Chronic stable angina risk stratification
Chronic stable angina Microchapters
Differentiating Chronic Stable Angina from Acute Coronary Syndromes
Alternative Therapies for Refractory Angina
Guidelines for Asymptomatic Patients
Chronic stable angina risk stratification On the Web
to Hospitals Treating Chronic stable angina risk stratification
Risk calculators and risk factors for Chronic stable angina risk stratification
Editor-In-Chief: C. Michael Gibson, M.S., M.D. ; Associate Editor(s)-in-Chief: Cafer Zorkun, M.D., Ph.D. ; Smita Kohli, M.D.; Lakshmi Gopalakrishnan, M.B.B.S. ;Arzu Kalayci, M.D. 
The average mortality in patients with stable angina ranges from 1-3%. However, the prognosis varies widely depending on various factors such as: the duration and severity of symptoms, resting ECG abnormalities, abnormal left ventricular function and associated comorbidities.
Risk Stratification Based on Different Factors
- Left ventricular function, indicated as the strongest predictor of long term survival
- Extent of atherosclerosis in the coronary arteries (single vessel disease vs multivessel disease)
- Evidence of a recent coronary plaque rupture (acute coronary syndrome)
- Overall health and presence of other co-morbidities
An initial scoring system was proposed by the Framingham Heart Study group to predict 10 year risk for patients with CAD based upon:
- Patient's age and sex
- Total cholesterol
- Presence of hypertension
- History of smoking and diabetes
- Presence of other peripheral vascular diseases
For a full discussion on individual risk stratifying topics, visit the microchapters below:
- Electrocardiogram/chest X-ray
- Assessment of resting LV function
- Coronary angiography and left ventriculography
- Exercise testing for Risk Stratification and Prognosis:
Risk Stratification Categories and Appropriate Management
- Patients at low risk have an annual mortality rate of less than 1% and can be managed medically.
- Patients at intermediate risk have an annual mortality rate of 1%–3% and may require additional imaging studies such as exercise imaging for further risk assessment.
- Patients at high risk have an annual mortality rate of more than 3% and require coronary angiography.
Risk Stratification of Chronic Stable Angina in Symptomatic Patients
The next step after establishing the clinical probability of angina is to assess the risk of underlying coronary artery disease based on initial rest ECG and the patients ability to exercise.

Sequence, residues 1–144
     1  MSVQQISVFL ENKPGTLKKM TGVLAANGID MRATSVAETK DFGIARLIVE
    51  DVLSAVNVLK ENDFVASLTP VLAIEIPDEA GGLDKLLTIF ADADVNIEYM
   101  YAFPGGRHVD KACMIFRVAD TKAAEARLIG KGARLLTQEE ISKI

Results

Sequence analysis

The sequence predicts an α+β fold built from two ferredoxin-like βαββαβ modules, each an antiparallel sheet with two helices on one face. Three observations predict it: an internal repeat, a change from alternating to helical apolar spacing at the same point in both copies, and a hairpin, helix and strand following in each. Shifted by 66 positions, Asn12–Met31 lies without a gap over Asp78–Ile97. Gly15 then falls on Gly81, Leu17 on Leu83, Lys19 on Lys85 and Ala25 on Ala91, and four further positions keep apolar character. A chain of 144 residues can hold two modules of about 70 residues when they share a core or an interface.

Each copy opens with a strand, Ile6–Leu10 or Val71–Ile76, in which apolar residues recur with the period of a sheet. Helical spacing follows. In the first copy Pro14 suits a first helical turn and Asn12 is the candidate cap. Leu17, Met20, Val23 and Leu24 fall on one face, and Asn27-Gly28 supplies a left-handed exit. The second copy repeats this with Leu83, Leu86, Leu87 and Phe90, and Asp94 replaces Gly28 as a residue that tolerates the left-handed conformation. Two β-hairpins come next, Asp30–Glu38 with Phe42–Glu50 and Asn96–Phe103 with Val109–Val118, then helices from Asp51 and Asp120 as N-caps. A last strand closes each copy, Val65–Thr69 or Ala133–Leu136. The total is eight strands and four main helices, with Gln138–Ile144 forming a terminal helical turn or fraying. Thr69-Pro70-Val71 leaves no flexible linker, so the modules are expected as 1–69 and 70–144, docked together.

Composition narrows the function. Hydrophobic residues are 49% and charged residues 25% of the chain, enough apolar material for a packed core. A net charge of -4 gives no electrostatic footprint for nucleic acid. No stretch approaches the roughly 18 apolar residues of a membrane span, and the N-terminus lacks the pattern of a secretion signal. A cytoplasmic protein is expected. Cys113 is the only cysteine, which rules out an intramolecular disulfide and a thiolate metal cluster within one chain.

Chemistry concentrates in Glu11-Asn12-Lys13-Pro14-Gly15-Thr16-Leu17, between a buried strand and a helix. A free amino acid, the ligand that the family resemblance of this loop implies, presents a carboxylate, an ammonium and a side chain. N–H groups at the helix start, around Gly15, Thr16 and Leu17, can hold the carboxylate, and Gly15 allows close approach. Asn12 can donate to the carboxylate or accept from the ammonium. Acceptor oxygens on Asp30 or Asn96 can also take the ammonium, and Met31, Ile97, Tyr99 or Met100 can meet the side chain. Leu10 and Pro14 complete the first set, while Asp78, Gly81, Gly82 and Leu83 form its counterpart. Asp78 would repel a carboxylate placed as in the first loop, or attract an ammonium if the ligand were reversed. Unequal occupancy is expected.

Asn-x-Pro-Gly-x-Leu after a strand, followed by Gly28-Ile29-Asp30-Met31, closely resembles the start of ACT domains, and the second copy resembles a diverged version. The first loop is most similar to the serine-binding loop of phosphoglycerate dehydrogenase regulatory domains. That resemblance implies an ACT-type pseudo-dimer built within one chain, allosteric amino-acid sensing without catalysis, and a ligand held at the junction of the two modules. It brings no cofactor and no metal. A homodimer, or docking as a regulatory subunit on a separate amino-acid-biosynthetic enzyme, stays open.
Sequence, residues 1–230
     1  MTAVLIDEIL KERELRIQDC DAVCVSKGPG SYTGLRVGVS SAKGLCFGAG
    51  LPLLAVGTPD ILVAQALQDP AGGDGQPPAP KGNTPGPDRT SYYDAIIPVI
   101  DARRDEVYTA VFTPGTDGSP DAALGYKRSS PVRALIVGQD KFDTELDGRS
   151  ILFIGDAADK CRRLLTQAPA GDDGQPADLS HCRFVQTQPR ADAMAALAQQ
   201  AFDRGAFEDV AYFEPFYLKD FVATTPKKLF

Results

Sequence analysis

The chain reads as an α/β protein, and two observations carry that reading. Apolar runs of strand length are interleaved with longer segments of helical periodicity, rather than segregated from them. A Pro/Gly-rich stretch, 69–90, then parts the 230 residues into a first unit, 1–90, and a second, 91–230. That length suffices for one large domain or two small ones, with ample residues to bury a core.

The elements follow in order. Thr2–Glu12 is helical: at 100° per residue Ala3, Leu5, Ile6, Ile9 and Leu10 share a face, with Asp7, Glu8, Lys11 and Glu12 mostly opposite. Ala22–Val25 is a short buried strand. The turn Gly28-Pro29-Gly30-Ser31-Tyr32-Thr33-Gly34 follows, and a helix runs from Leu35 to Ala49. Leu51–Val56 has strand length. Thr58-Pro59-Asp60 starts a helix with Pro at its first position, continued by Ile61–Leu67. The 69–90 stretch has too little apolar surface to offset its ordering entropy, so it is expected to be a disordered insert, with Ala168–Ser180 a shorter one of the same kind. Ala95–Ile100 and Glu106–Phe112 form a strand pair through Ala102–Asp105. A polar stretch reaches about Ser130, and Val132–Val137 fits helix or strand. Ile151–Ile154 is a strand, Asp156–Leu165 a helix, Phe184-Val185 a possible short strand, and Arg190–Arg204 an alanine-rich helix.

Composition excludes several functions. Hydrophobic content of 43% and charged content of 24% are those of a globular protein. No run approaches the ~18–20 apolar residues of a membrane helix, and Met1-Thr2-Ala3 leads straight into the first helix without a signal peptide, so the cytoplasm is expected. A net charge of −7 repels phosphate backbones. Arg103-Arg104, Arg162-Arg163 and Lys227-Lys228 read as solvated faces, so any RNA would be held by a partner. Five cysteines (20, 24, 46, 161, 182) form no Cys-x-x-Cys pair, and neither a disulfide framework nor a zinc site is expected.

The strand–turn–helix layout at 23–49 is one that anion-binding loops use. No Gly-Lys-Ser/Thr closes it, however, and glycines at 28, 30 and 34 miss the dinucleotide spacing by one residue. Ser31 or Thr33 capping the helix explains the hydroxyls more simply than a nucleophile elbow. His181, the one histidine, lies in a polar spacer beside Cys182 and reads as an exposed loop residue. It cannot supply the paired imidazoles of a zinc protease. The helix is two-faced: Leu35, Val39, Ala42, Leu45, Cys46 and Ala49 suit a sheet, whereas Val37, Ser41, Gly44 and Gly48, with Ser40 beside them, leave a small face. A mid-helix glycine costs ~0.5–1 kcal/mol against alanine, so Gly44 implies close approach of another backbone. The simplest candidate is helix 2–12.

- If the rest ECG is abnormal, the next step is to conduct a stress imaging test.
- If the patient is unable to exercise then a pharmacological stress test is used to stratify the risk underlying the atherosclerotic state.
- For patients with CCS class III or IV angina, patients with poor LVEF or non responsive to medical therapy there may be some benefit to performing coronary angiography.
ACC/AATS/AHA/ASE/ASNC/SCAI/SCCT/ STS 2017 Appropriate Use Criteria for Coronary Revascularization in Patients With Stable Ischemic Heart Disease
|Noninvasive Risk Stratification|
|High risk (>3% annual death or MI)
1. Severe resting LV dysfunction (LVEF <35%) not readily explained by noncoronary causes
2. Resting perfusion abnormalities ≥10% of the myocardium in patients without prior history or evidence of MI
3. Stress ECG findings including ≥2 mm of ST-segment depression at low workload or persisting into recovery, exercise-induced ST-segment elevation, or exercise-induced VT/VF
4. Severe stress-induced LV dysfunction (peak exercise LVEF <45% or drop in LVEF with stress ≥10%)
5. Stress-induced perfusion abnormalities encumbering ≥10% myocardium or stress segmental scores indicating multiple vascular territories with abnormalities
6. Stress-induced LV dilation
7. Inducible wall motion abnormality (involving >2 segments or 2 coronary beds)
8. Wall motion abnormality developing at low dose of dobutamine (≤ 10 mg/kg/min) or at a low heart rate (<120 beats/min)
9. CAC score >400 Agatston units
10. Multivessel obstructive CAD (≥70% stenosis) or left main stenosis (≥50% stenosis) on CCTA
|Intermediate risk (1% to 3% annual death or MI)
1. Mild/moderate resting LV dysfunction (LVEF 35% to 49%) not readily explained by noncoronary causes
2. Resting perfusion abnormalities in 5% to 9.9% of the myocardium in patients without a history or prior evidence of MI
3. ≥1 mm of ST-segment depression occurring with exertional symptoms
4. Stress-induced perfusion abnormalities encumbering 5% to 9.9% of the myocardium or stress segmental scores (in multiple segments) indicating 1 vascular territory with abnormalities but without LV dilation
5. Small wall motion abnormality involving 1 to 2 segments and only 1 coronary bed
6. CAC score 100 to 399 Agatston units
7. One vessel CAD with ≥70% stenosis or moderate CAD stenosis (50% to 69% stenosis) in ≥2 arteries on CCTA
|Low risk (<1% annual death or MI)
1. Low-risk treadmill score (score ≥5) or no new ST segment changes or exercise-induced chest pain symptoms; when achieving maximal levels of exercise
2. Normal or small myocardial perfusion defect at rest or with stress encumbering <5% of the myocardium*
3. Normal stress or no change of limited resting wall motion abnormalities during stress
4. CAC score <100 Agaston units 5. No coronary stenosis >50% on CCTA
|CAC indicates coronary artery calcium; CAD, coronary artery disease; CCTA, coronary computed tomography angiography; LV, left ventricular; LVEF, left ventricular ejection fraction; and MI, myocardial infarction.|
Guidelines for Risk Stratification of Chronic Stable Angina
Visit the microchapters below:
- ↑ Daly CA, De Stavola B, Sendon JL, Tavazzi L, Boersma E, Clemens F et al. (2006) Predicting prognosis in stable angina--results from the Euro heart survey of stable angina: prospective observational study. BMJ 332 (7536):262-7. DOI:10.1136/bmj.38695.605440.AE PMID: 16415069